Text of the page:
Fast and selective organocatalytic ring-opening polymerization by fluorinated alcohol without a cocatalyst

Abstract

Organocatalysis is an important branch of catalysis for various organic transformations and materials preparation. Polymerizations promoted by organic catalysts can produce polymeric materials without any metallic residues, providing charming materials for high-value and sensitive domains such as biomedical applications, microelectronic devices and food packaging. Herein, we describe a fluorinated alcohol based catalytic system for polypeptide synthesis via catalytic ring-opening polymerization (ROP) of α-amino acid N-carboxyanhydride (NCA), fulfilling cocatalyst free, metal free, high rate and high selectivity. During polymerization, the fluorinated alcohol catalyst forms multiple dynamic hydrogen bonds with the initiator, monomer and propagating polymer chain. These cooperative hydrogen bonding interactions activate the NCA monomers and simultaneously protect the overactive initiator/propagating polymer chain-ends, which offers the whole polymerization with high activity and selectivity. Mechanistic studies indicate a monocomponent-multifunctional catalytic mode of fluorinated alcohol. This finding provides a metal free and fast approach to access well-defined polypeptides.

Introduction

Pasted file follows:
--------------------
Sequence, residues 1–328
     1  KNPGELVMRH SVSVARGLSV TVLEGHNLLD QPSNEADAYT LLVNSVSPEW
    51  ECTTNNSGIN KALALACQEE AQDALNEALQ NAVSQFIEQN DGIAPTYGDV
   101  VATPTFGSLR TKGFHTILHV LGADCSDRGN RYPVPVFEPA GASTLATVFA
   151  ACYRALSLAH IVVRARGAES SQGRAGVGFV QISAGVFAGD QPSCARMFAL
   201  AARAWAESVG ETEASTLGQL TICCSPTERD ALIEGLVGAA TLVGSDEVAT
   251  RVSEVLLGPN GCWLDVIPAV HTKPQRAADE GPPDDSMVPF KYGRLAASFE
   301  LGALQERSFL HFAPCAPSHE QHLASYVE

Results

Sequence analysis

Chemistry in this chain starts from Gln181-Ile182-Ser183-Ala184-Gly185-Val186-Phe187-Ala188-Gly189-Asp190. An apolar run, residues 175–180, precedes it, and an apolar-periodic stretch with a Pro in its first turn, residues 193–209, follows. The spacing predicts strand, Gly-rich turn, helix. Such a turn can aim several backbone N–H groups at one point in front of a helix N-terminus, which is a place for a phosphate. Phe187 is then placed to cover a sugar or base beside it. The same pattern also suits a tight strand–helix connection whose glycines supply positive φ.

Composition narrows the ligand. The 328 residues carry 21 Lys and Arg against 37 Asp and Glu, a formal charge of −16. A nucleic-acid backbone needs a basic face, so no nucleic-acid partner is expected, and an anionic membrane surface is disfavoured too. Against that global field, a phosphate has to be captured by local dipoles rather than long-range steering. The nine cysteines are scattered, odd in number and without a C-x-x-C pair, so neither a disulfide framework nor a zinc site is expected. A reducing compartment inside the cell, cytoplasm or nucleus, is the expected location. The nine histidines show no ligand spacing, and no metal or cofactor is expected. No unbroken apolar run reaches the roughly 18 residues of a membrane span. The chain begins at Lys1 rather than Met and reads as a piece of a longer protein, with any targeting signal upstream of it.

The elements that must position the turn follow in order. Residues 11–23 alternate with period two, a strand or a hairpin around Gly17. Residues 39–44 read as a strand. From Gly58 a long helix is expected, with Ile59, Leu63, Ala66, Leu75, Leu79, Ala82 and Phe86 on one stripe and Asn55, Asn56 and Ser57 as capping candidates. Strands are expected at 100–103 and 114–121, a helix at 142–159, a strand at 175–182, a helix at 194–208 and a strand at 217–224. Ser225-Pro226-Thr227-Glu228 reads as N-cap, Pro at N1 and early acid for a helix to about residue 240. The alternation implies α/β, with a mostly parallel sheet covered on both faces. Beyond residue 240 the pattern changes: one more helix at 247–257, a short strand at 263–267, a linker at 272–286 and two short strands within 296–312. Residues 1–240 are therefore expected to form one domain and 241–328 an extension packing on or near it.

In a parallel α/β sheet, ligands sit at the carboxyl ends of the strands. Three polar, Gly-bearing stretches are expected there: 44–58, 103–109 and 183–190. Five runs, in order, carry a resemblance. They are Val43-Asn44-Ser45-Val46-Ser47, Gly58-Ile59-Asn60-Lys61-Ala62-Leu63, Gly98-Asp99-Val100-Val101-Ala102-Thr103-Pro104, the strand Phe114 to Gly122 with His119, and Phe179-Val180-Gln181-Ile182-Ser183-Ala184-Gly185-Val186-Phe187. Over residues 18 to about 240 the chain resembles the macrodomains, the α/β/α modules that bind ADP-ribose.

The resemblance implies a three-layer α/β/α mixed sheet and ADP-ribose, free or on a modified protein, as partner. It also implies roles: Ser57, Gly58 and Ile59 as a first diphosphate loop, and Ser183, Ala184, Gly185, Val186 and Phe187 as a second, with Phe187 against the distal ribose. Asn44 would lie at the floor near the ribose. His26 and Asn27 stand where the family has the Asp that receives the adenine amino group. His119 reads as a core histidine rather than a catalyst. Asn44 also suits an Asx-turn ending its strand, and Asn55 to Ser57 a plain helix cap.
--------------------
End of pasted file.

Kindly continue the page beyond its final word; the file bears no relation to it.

Synthetic polypeptides, as mimics of natural analogues, is a unique family of bio-inspired biomaterials with broad biomedical applications including controlled drug release, gene delivery, tissue engineering, and regenerative medicine1,2. Ring-opening polymerization (ROP) of α-amino acid N-carboxyanhydrides (NCAs) initiated by different amines and amines derivatives is considered to be the most common method for polypeptide synthesis. However, in the ROP of NCAs, the normal amine mechanism (NAM) and activated monomer mechanism (AMM), often compete with each other, which complicates the overall polymerization process, making it challenging to produce well-defined (co)polypeptides (see Supplementary fig. 1)3,4. In 1997, Deming reported the first example of controlled/living ROP of NCAs by using transition metal complexes instead of traditional primary amine as active species to control the monomer addition at polymer chain-end5,6. Since then, a few studies on controlled NCA polymerizations have been reported, by designing new initiators (e.g., Pt complexes7, ammonium salts8, silazane derivatives9, rare earth metal complexes10, amine-borane Lewis pairs11, and Li complex12) or by exploring new reaction conditions for the traditional primary amine-initiated polymerizations (e.g., high vacuum13,14, low temperature15,16,17, and nitrogen flowing18). As for the ROP of NCA promoted by metal complexes, the metal residues in resultant polypeptides can cause toxicity concerns. An extra purification of the as-synthesized polymer such as dialysis is usually required. In regards to the NCA polymerizations initiated by organic initiators, low polymerization activities are usually observed, even with low monomer/initiator ratios8,9,11, showing limitations in the synthesis of polypeptides with high molecular weights and/or for ROP of NCAs with low stabilities. Therefore, developing a fast and metal-free process for the synthesis of polypeptides is very necessary and promising.